Analysis of article using Artificial Intelligence tools
|Author||Marsh R.; Pilkington P.; Marco E.; Rice L.|
|Title||Evaluating a workforce development programme: bringing public health into architecture education in England|
Marsh R.; Pilkington P.; Marco E.; Rice L. Evaluating a workforce development programme: bringing public health into architecture education in England,Cities and Health 6 2
|Keywords||adult; architect; article; curriculum; documentation; England; female; human; human experiment; interview; male; physician; public health; questionnaire; workforce
|Link to article|| https://www.scopus.com/inward/record.uri?eid=2-s2.0-85135797050&doi=10.1080%2f23748834.2020.1736738&partnerID=40&md5=3252d1ae2f573eab2648fe133110b4ad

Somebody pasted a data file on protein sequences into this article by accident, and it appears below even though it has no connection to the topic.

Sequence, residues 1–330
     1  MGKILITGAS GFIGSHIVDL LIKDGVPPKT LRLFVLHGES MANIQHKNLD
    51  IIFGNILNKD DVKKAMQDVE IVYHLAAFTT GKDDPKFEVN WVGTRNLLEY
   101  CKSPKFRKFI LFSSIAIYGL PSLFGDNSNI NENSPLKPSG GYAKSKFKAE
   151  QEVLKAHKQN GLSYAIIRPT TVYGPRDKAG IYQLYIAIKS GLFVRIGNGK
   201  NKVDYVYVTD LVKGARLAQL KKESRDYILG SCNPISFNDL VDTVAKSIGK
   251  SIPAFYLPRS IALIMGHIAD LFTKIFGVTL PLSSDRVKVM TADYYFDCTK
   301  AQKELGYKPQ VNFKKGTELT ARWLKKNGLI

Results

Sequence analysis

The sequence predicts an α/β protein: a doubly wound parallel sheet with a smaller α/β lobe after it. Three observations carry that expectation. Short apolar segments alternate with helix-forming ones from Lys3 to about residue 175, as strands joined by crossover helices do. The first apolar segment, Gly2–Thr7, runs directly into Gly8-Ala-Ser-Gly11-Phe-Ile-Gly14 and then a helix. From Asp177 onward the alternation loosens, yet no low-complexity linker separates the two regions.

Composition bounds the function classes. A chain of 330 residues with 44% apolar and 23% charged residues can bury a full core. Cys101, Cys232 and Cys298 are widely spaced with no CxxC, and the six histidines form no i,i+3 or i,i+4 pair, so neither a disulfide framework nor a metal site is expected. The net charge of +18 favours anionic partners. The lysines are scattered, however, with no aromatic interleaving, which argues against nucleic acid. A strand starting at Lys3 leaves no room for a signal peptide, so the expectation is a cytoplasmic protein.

|Abstract||Architects can play a key role in the wider public health workforce, in ensuring building and urban design is health promoting. However, there is no requirement to teach health by architectural accreditation bodies across Europe. To evaluate the long-term individual and organisational impacts of the Public Health Practitioner in Residence (PHPiR) programme–an educational initiative in a British university to help realise the architecture profession’s potential to contribute to improved population health. A longitudinal mixed-methods evaluation using the RE-AIM framework. Data were collected using questionnaires, a focus group, interviews, and programme documentation from a Bachelor of Architecture cohort and stakeholders from 2011 to 2019. Participants developed a broad understanding of the determinants of health, which was maintained when qualified architects. The programme became integrated into the university curriculum. Numerous facilitators and barriers affected the participants’ ability to create healthier buildings in practice. The positive results from this evaluation suggest that there is value in exploring how the PHPiR approach could be replicated in architecture courses within other higher education institutions. Findings highlight barriers in practice to be addressed in the future to help enable architects to create healthier buildings and places. © 2020 Informa UK Limited, trading as Taylor & Francis Group.